Los Alamos National Laboratory

Los Alamos National Laboratory

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Garrick Snider — The Zen of Water

Laboratory employee takes part in open-water swims
December 19, 2019
Garrick Snider has participated in open-water swims in San Francisco, Lake Tahoe and San Diego.

Garrick Snider has participated in open-water swims in San Francisco, Lake Tahoe and San Diego.

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Avid swimmer Garrick Snider glides through water effortlessly, moving his head from side to side as strong arms and legs propel him through the open water, its ebbs and flows sometimes helping him, sometimes hindering him. In the distance, he spots a sandy shore and starts to make his way toward it. 

Many people would be uncomfortable miles from land, floating in a body of water that can be cold and unpredictable. Since he was a child, Snider, who works in the finance division at the Laboratory, has embraced water, at first spending his summers at local pools and later taking to the sport of swimming.

“Swimming is my Zen,” he says. “I guess it’s the calming effects of water that call to me. I remember going to the pool every summer when I was growing up, and I would be there from eight in the morning until it got dark.”

Snider participated as a member of the Los Alamos High School Swim Team, earning a scholarship in diving to attend New Mexico State University. After college he discovered the sport of open-water swimming, which takes place not in the confines of pools but in vast outdoor bodies of water, such as lakes, rivers, bays and ocean.

Escaping Alcatraz 

On June 12, 1962, the Anglin brothers and Frank Lee Morris made their infamous escape attempt from the Alcatraz Federal Penitentiary, and while the fate of these men remains unknown, many believe they successfully completed the swim in unforgivingly ice-cold water.

Inspired by this great escape, an annual Sharkfest Alcatraz swim from the island to San Francisco has taken place since 1992. This sold-out event attracts swimmers from around the world, including Snider and his training partner Laverne Johnson (whose husband works at the Laboratory). This open-water swim is far from easy—the sponsor recommends that at a minimum a participant must have the ability to swim 2.5 miles in a pool without rest before even considering it.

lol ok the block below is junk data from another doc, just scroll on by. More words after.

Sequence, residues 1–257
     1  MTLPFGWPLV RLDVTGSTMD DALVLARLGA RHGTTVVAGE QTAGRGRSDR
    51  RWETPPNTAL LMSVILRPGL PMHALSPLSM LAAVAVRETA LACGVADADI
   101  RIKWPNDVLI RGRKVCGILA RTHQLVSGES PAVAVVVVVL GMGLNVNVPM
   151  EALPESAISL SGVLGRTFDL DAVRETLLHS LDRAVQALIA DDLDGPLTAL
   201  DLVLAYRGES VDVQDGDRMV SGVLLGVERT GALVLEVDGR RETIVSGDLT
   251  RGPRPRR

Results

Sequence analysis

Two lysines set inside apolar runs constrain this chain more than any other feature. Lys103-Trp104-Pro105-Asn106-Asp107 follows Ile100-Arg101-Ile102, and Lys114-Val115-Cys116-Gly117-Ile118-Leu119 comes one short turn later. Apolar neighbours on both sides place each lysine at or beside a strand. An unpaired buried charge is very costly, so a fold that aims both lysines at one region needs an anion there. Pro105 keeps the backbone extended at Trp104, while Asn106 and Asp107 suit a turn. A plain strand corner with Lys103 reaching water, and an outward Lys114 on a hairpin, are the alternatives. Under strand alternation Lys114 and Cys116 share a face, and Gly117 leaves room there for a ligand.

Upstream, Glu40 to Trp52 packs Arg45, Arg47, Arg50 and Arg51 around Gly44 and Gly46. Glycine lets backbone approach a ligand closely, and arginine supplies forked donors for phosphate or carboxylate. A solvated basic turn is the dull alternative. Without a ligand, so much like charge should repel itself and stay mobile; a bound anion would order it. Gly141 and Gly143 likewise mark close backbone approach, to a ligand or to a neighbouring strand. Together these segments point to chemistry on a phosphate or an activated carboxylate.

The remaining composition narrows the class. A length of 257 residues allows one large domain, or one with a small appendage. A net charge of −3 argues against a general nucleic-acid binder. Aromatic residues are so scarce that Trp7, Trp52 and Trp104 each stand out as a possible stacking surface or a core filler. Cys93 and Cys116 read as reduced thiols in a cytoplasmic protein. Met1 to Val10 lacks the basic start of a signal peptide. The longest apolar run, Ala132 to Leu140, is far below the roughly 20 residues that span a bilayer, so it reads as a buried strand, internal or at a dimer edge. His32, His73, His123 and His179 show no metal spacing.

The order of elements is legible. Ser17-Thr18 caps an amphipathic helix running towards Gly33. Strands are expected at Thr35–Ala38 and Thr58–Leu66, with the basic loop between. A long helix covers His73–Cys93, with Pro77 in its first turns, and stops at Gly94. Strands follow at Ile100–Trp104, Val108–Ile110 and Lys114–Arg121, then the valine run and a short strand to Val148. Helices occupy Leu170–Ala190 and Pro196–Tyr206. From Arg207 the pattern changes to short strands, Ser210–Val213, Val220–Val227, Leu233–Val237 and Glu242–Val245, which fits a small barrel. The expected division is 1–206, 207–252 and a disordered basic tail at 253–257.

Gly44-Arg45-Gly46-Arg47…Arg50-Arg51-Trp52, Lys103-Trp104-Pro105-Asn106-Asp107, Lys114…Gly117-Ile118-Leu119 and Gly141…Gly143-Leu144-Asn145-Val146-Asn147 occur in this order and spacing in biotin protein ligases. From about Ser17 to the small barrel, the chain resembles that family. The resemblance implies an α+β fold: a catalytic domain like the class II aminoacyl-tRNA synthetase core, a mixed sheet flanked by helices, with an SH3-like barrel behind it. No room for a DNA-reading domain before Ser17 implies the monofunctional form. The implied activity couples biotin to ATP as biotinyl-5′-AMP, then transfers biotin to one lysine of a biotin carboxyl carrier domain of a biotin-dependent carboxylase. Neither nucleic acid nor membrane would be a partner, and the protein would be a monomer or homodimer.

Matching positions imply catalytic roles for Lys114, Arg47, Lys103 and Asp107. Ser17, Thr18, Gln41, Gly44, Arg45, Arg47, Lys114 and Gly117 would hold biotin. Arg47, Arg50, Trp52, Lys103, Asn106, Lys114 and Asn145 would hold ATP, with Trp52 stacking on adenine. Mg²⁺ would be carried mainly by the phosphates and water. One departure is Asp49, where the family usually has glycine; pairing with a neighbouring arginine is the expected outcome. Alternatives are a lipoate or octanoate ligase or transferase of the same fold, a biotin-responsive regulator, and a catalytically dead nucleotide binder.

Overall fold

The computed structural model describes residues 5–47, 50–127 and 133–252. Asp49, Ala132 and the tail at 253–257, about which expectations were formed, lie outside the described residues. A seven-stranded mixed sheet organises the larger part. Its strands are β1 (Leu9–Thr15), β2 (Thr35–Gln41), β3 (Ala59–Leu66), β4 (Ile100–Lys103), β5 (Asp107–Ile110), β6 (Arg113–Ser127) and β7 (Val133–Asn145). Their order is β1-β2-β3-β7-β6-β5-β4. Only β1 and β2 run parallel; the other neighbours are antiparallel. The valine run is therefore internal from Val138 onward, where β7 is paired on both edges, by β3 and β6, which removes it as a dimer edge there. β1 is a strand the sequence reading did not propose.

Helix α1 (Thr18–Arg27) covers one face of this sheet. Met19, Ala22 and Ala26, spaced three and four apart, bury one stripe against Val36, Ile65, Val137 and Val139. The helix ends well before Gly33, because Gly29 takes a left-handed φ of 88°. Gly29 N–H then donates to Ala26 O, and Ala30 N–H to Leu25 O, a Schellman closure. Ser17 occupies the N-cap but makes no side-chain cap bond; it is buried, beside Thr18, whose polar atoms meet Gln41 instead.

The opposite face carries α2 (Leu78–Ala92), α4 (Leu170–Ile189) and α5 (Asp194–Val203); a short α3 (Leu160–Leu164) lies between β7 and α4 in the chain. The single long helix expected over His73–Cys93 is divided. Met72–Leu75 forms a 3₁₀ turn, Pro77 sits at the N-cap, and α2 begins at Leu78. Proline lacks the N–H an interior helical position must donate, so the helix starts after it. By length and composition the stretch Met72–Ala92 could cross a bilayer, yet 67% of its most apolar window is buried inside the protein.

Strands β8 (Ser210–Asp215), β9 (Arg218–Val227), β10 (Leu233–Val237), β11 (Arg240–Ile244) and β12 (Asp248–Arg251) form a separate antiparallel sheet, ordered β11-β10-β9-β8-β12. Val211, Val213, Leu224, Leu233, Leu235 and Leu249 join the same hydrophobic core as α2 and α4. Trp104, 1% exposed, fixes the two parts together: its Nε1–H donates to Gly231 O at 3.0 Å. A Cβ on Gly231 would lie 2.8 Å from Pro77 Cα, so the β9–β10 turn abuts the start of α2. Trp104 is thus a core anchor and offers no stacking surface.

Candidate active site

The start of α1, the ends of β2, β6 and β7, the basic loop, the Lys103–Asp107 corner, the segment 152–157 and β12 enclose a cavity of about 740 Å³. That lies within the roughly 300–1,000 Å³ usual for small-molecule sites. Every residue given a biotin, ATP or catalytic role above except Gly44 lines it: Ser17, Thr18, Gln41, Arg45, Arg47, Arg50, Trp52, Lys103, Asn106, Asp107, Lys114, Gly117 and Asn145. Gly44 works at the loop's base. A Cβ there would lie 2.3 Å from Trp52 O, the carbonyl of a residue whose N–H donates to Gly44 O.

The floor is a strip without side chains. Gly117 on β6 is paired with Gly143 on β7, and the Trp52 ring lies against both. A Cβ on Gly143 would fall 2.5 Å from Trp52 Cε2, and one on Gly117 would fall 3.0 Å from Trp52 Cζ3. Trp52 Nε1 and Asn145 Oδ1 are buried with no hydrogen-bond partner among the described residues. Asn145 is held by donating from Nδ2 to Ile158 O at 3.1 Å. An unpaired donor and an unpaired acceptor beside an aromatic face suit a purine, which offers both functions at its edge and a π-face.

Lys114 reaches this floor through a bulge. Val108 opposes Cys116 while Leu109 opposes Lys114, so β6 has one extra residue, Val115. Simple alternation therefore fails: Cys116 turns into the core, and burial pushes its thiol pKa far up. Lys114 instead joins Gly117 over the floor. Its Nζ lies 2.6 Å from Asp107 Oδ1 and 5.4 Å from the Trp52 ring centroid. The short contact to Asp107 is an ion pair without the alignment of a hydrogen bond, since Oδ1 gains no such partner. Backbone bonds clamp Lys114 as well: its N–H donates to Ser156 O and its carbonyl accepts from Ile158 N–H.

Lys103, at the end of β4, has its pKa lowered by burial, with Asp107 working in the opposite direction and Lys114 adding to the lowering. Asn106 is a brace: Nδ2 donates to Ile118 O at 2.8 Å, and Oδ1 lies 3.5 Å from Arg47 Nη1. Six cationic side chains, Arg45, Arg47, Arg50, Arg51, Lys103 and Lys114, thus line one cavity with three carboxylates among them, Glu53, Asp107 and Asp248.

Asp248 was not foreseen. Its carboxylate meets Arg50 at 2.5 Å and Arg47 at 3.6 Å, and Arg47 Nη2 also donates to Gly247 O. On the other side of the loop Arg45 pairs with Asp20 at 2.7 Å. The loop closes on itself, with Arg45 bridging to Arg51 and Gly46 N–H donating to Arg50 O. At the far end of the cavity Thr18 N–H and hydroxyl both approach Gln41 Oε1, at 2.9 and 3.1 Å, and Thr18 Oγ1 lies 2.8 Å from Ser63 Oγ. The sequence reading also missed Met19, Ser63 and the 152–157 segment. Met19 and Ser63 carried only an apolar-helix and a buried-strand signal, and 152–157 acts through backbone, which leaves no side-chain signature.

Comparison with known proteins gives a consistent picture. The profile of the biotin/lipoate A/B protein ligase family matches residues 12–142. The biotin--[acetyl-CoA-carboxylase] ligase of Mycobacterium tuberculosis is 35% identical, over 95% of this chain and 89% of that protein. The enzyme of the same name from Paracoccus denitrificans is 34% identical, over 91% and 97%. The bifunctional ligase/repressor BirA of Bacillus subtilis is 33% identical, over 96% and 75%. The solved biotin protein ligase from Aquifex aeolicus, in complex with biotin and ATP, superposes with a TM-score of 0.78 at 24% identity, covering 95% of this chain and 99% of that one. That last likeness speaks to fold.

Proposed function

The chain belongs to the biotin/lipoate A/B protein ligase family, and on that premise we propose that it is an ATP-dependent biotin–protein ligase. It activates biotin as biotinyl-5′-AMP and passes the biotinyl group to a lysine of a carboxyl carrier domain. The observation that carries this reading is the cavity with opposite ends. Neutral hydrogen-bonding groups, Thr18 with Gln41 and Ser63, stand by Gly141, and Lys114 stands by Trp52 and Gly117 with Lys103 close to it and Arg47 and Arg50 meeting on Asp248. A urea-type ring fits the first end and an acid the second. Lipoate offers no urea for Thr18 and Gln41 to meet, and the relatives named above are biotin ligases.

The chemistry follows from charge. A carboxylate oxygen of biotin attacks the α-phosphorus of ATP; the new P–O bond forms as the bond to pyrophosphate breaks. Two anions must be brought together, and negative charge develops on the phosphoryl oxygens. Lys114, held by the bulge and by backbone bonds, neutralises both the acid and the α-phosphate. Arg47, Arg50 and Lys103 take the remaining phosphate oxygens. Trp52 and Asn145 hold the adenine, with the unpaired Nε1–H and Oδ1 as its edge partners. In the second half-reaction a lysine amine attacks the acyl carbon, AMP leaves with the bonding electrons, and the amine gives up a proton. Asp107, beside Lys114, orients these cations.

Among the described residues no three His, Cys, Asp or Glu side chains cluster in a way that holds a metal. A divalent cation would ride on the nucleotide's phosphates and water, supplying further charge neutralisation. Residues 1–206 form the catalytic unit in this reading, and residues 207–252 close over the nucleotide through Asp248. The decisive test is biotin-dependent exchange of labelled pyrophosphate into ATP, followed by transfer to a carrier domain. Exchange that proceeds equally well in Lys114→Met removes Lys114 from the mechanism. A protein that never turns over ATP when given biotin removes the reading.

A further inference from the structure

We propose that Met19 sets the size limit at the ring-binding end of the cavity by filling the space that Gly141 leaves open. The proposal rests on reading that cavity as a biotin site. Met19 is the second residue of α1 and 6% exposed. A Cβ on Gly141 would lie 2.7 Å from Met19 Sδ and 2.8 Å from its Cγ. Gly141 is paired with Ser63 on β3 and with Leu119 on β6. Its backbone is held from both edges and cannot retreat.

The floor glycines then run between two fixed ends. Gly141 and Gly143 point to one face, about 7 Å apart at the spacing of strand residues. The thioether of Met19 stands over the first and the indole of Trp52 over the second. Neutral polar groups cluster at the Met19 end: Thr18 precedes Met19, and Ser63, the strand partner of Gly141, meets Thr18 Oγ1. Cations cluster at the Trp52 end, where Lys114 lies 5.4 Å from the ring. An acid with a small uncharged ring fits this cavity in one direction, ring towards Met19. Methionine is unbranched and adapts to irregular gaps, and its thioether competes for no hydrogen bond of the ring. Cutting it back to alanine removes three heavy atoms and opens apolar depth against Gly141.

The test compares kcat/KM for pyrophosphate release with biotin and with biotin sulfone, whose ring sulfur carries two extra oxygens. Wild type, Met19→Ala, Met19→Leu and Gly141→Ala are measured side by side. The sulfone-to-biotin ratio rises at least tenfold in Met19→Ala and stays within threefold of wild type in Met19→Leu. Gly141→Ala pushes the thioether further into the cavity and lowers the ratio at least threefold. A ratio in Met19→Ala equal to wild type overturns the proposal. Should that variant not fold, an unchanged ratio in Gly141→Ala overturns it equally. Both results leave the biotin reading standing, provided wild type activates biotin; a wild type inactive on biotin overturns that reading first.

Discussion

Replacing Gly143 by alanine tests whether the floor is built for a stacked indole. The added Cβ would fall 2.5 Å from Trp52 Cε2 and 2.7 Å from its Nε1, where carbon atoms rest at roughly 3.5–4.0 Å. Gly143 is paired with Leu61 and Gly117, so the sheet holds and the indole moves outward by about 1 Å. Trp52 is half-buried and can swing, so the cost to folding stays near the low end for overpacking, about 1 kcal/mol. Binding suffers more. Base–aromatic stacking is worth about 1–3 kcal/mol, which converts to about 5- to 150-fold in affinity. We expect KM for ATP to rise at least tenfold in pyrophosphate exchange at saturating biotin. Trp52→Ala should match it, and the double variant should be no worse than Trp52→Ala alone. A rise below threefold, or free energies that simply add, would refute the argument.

Snider had participated in the Alcatraz swim about 15 years ago and only recently started up again.

“The hardest part of an open-water swim is navigation. There are no lines to follow like there are at the bottom of a pool,” he says. “The current can take you off course, there are few markers other than buoys up top and water conditions are unpredictable. You must keep your head up, and always know where the next marker is, so that you can adjust accordingly and make it to shore.”

“This year, Laverne and I participated in swims at Lake Tahoe in August and San Diego in October,” says Snider. “We’re just getting started.”

One of the hardest things about open-water swimming is getting bored. “The scenery doesn’t change much, it’s just an ocean of blue,” he says with a chuckle. “You feel as though you are not making any progress. It’s times like these where you have to work to retain focus and keep swimming.”

Snider was also a member of the New Mexico Masters Swimming, part of the United States Masters Swimming organization. “Water is part of who I am, so it was only natural that I would become a member of this organization,” Garrick says. “I encourage anyone to get into the water. Let it become a part of you.”